According to research conducted by the Harvard Business Review, a whopping 21% of Millennials left their job within the last year to pursue other opportunities. This rate is three times higher than the rate of job-hopping – defined as moving around to different jobs within a short timeframe as opposed to staying in one position long-term – reported by older generations. But, is job hopping right for you? Do the pros outweigh the cons as a job hopper? Is the grass always greener at the next job? It may not be.
The phenomenon of job-hopping seems to be the new normal, but why younger workers are switching employment paths more frequently than previous generations? Surely it must be more than just a generational mentality shift? The Harvard Business Review study says that 71% of Millennials surveyed had reported a lack of engagement or even “active disengagement” with their current lines of work.71% of Millennials surveyed had reported a lack of engagement or even with their current lines of work.Click To Tweet
Dissatisfaction with one’s job or the company culture, low wages, boredom in the workplace, and the perception of stagnant job advancement are just some of the many reasons why job-hopping is increasingly prevalent in today’s economy.
Pros and Cons of Job Hopping and Being A Job Hopper
If you’ve struggled with the decision to stay or leave your current job, or perhaps you’re worried about how hiring managers might view a resume with lots of short-term positions instead of long-term loyalty to one or two companies, then here are some pros and cons of job-hopping to consider.
Pro: Find Better Opportunities Elsewhere
When the economy was in a recession, voluntarily quitting an otherwise stable job would have been madness. But now that the economy has been improving slowly but surely since 2011, quitting a job to find a higher-paying job elsewhere is not uncommon, CNN Money reports.
Millions of Americans who are not exactly fulfilled in their current positions may leave for a more flexible, better-paying, or superior role to what they currently have because a stronger job market allows this moving-up-the-ladder strategy to succeed.
Millennials and other job hoppers already experience comparatively lower wage rates. So, there seems to be a greater financial incentive to jump on the job-hopping bandwagon and switch jobs more often to quickly increase their income.
The idea of favorable opportunities beyond your current job is not unique to any one generation, and the primary purpose of most job hoppers is to increase their pay, find more flexible jobs suited to their unique living situations, and eventually land a long-term career. Job hoppers want a career that not only fulfills all these requirements but also provides a reasonably high level of job satisfaction.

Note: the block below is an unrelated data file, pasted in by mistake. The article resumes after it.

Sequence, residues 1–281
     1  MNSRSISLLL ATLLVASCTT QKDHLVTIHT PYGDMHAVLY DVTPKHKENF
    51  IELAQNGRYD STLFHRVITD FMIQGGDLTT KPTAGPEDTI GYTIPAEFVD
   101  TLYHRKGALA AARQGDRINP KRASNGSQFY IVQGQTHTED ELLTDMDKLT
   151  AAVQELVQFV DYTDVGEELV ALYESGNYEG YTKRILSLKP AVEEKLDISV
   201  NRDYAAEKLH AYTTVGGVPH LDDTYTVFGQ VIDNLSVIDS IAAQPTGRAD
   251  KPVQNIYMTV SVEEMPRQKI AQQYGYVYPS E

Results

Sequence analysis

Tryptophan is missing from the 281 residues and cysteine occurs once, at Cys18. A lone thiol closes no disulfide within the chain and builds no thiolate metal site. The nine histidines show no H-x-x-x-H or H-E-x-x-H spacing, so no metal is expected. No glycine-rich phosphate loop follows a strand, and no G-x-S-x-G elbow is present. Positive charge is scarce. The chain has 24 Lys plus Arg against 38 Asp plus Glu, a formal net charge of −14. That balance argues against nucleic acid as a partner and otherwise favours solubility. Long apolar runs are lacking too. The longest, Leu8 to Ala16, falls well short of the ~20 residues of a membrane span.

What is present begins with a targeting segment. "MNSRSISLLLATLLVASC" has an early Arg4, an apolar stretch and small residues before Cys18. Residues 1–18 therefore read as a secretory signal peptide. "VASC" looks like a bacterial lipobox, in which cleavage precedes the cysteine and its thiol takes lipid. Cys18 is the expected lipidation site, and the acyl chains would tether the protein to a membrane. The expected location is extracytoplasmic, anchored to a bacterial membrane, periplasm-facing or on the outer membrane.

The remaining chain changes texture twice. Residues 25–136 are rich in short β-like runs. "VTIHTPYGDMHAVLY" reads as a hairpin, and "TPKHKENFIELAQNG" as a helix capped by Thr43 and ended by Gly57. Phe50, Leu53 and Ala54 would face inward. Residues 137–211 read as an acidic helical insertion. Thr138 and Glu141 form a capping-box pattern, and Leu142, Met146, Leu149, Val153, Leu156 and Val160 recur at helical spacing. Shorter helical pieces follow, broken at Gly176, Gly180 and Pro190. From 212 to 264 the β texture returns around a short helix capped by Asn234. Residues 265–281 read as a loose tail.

Staying with one company for one’s entire career is less important with each new generation. According to PwC’s report, “Millennials at work: Reshaping the workplace,” over 25% of Millennial employees who responded to the survey reported that they expect to have 6+ employers over the course of their careers (compared to just 10% of Millennials reported in 2008).
Furthermore, just 18% of Millennials in the PwC survey expected to stay with their current employers long-term. That indicates that job-hopping as a means to find better opportunities elsewhere will only become more prevalent in the years to come.
Con: A Job Hopper Lacks Stability
Just because job-hopping is an increasingly popular workforce trend does not mean it doesn’t come without its disadvantages. Job stability and the potential for future hiring managers to frown upon a scattered employment history are two of the biggest concerns employees have when considering multiple job switches in a short timeframe for job hoppers.
According to an article from the Wharton School at the University of Pennsylvania on declining rates of company loyalty among employees, today’s employers still value company loyalty, but today’s workers are less inclined to pledge their working lives to a single company if they are not socially engaged, financially rewarded, or productively satisfied in their current work environment.
This disconnect between employers and employees on the issue of loyalty has external consequences for job hoppers with a handful of short-term jobs on their resumes. A research-infused infographic on job-hopping from Bullhorn Reach illustrates that 39% of job recruiters in the survey reported that job candidates with a history of job-hopping faced serious obstacles to regaining employment because of their sporadic work record.39% of job recruiters say job candidates with a history of job-hopping faced serious obstacles to employment.Click To Tweet